Guest Essayist: James Legee, Graduate, Master of Arts in Political Science at Villanova University and Graduate Fellow at the Matthew J. Ryan Center for the study of Free Institutions and the Public Good

From the vantage point on March 4, 1865, President Lincoln saw the approaching end of the war, a most terrible war that exacted a toll on America never before seen and not seen since.  Lincoln’s Second Inaugural address, delivered shortly before the war’s end and his assassination, is a brief summation of the events and looks forward to rebuilding the nation and healing her wounds.  It is a speech, which is perhaps unique to its era, but not solely in the events it addresses or its length.  Rather, can you imagine a modern President speaking in such a way today- making recurring references to the bible and God? Perhaps even more alien to our modern ears, a leader conceiving that our current predicaments are a result of a turn from what is unequivocally and immutably right and towards what is inherently wrong?  Concurrently, justice also finds its way into the discourse of the speech.

Lincoln claimed that the Civil War was a trial of the United States, for her sins in allowing and enabling slavery to exist.  In 1854, at Peoria, Lincoln noted America’s “Republican robe is soiled and trailed in the dust. Let us purify it. Let us turn and wash it white in the spirit if not the blood of the Revolution. Let us turn slavery from its claims of moral right…”  Lincoln believed a return to the Founders, who declared that “all men are created equal” and believed that the new Union had placed slavery on a course of ultimate destruction.  Of course, that “peculiar institution” was not so easily expunged from the Republic. After the war had come, and the destruction wrought, a somber Lincoln  believed it was a judgment from God: “He gives to both North and South, this terrible war, as the woe due to those by whom the offense came… Yet if God wills that it continue until all the wealth piled by the bond-man’s two hundred and fifty years of unrequited toil shall be sunk, and until every drop of blood drawn with the lash, shall be paid by another drawn with the sword…” The Civil War was for Lincoln a punishment, for two hundred fifty years of violating the natural rights of those held in bondage.

Lincoln of course approached this from a Christian perspective, but acknowledgement of the rights of men does not necessitate membership in an Abrahamic faith.  Indeed, the great tension is over slavery and whether it is true that “all men are created equal,” or whether it is the right of one to own another.  The embrace of slavery is a turn from God, though we need not understand this in strictly religious terms; this is about a turn from a self-evidently true and right principle, the equality of men, towards an idea that you can own and govern another man without his consent.  Slavery, underpinned by the idea that a group of men can be selected as unfit to govern themselves, not only undermines republican self-government, but is an idea that reason, “as God gives us to see the right,” tells us is evil.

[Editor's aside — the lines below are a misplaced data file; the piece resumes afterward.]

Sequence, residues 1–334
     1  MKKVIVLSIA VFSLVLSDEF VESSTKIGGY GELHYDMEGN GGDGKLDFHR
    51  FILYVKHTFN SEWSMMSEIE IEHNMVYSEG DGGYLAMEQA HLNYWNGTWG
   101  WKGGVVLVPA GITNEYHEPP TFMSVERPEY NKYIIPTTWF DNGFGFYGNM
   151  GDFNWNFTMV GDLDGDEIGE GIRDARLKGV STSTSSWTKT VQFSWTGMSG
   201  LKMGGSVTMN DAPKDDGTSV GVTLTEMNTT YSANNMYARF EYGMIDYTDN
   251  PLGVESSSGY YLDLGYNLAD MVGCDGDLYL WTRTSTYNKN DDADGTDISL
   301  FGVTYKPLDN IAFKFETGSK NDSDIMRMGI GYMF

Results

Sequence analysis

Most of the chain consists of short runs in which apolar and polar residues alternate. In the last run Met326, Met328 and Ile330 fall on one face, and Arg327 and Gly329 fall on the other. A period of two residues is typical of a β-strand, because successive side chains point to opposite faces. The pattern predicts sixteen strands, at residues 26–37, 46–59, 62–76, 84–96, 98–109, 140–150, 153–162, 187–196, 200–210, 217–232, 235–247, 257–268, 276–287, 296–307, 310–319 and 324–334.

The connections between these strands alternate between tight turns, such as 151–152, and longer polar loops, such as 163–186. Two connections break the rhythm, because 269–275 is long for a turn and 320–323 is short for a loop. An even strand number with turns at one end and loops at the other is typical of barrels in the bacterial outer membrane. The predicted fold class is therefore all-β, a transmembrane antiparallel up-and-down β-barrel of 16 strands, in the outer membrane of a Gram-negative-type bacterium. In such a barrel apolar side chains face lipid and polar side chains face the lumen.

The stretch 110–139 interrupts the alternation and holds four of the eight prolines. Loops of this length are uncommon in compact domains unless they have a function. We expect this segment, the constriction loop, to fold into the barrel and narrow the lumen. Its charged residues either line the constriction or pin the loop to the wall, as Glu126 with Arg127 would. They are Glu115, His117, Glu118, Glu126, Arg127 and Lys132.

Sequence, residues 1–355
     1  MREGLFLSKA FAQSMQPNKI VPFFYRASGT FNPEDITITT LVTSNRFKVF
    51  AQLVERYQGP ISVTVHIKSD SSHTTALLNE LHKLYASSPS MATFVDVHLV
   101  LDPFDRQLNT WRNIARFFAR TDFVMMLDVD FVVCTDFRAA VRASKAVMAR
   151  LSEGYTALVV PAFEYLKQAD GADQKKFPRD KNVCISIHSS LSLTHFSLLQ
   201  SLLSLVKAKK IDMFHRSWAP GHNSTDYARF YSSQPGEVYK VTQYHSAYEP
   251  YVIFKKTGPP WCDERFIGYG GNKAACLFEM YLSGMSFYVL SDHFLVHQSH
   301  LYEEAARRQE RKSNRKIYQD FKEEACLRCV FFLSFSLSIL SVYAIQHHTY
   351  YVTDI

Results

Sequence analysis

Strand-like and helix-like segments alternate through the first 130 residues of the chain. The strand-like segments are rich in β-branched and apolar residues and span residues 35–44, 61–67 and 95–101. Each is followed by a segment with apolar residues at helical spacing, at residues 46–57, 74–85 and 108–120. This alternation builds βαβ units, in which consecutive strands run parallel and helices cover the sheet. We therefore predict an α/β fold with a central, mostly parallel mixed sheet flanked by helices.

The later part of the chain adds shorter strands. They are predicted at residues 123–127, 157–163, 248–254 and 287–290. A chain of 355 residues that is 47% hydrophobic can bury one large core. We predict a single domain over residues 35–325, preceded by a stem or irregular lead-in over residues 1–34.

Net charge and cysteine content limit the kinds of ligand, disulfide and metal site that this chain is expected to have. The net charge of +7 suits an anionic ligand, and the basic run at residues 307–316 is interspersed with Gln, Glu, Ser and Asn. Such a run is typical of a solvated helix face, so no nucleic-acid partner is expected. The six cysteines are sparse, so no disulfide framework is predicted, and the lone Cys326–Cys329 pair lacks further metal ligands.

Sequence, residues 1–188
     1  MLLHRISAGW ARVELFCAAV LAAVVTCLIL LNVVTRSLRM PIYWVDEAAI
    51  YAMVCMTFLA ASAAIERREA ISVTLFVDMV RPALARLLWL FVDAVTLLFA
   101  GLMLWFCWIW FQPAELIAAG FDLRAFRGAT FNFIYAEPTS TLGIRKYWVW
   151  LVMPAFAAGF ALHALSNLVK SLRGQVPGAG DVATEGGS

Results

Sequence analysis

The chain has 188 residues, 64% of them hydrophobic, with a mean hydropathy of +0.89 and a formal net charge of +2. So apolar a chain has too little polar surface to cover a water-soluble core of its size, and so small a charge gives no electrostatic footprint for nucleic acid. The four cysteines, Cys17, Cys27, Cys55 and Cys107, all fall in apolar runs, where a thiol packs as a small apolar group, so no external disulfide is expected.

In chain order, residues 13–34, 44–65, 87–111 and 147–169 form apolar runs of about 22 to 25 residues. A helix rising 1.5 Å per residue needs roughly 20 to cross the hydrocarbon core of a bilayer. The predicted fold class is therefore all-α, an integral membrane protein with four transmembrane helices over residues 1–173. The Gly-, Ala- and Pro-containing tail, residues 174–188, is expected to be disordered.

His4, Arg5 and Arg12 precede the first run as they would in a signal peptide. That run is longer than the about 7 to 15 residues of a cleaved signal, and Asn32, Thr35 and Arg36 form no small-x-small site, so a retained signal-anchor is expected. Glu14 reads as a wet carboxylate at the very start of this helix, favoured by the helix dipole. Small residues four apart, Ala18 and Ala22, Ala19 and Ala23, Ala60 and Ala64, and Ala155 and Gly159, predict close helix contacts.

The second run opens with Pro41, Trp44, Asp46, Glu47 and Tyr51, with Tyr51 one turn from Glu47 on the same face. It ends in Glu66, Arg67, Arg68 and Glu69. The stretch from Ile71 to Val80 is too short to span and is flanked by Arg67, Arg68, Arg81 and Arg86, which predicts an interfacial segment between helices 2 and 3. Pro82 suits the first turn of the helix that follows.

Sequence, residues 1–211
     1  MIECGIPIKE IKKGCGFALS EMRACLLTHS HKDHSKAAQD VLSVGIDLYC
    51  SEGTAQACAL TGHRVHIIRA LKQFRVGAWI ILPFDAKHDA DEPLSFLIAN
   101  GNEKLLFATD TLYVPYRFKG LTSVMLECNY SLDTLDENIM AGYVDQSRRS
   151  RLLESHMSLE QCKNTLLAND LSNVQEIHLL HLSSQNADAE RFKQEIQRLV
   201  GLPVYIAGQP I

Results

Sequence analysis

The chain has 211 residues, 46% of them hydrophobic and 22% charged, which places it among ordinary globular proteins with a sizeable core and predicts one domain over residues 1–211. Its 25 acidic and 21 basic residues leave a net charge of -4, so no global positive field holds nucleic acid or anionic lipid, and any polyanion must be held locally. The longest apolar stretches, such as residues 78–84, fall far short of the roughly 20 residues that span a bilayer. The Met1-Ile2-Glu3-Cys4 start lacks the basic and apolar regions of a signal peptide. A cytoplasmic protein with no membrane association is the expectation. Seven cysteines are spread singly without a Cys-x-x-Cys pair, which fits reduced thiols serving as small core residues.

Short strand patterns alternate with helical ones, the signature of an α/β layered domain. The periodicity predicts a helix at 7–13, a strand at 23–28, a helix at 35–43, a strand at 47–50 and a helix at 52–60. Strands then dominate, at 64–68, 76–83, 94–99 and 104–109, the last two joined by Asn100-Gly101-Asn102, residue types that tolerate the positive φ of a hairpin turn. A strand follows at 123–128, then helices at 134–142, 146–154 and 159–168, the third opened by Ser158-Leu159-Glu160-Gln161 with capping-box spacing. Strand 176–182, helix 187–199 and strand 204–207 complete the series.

Justice is a recurring theme in Lincoln’s writing and speeches.  He questions the south’s invocation of God in their cause, when he says, “it may seem strange that any men should dare to ask a just God’s assistance in wringing their bread from the sweat of other men’s faces…” In his first debate with Stephen E. Douglas at Ottawa in 1858 Lincoln said something similar,“[a slave]…is not my equal in many respects-certainly not in color, perhaps not in moral or intellectual endowment. But in the right to eat the bread, without the leave of anybody else, which his own hand earns, he is my equal and the equal of Judge Douglas, and the equal of every living man.”  There is a grave injustice in forcibly taking the profits of the labor of another.  Slavery is not just a question of recognizing the equality of men, but of a moral economic system where men keep the profits of their labor.

With this belief in the equality of men and unyielding commitment to justice, Lincoln ended a morose speech with an eye to the future.  “With malice toward none; with charity for all; with firmness in the right, as God gives us to see the right…to bind up the nation’s wounds…” are the phrases most associated with the second inaugural address.  We cannot know how the process of reconstruction would have progressed with Lincoln in the White House, but the Great Emancipator was able to steer the nation through its greatest trial, to begin to right the wrong of slavery, and rededicate the American experiment towards the Founders vision.

Read President Lincoln’s Second Inaugural Address here:

James Legee recently completed his Master of Arts in Political Science at Villanova University, where he was a Graduate Fellow at the Matthew J. Ryan Center for the study of Free Institutions and the Public Good. You can find him on twitter @JamesLegee.

May 27, 2013 – Essay #71



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